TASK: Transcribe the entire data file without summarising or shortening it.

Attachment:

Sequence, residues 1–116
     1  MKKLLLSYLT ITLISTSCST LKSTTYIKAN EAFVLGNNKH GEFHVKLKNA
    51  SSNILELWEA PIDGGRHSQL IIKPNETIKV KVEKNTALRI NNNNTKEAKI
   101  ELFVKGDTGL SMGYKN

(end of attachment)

Sequence, residues 1–116
     1  MKKLLLSYLT ITLISTSCST LKSTTYIKAN EAFVLGNNKH GEFHVKLKNA
    51  SSNILELWEA PIDGGRHSQL IIKPNETIKV KVEKNTALRI NNNNTKEAKI
   101  ELFVKGDTGL SMGYKN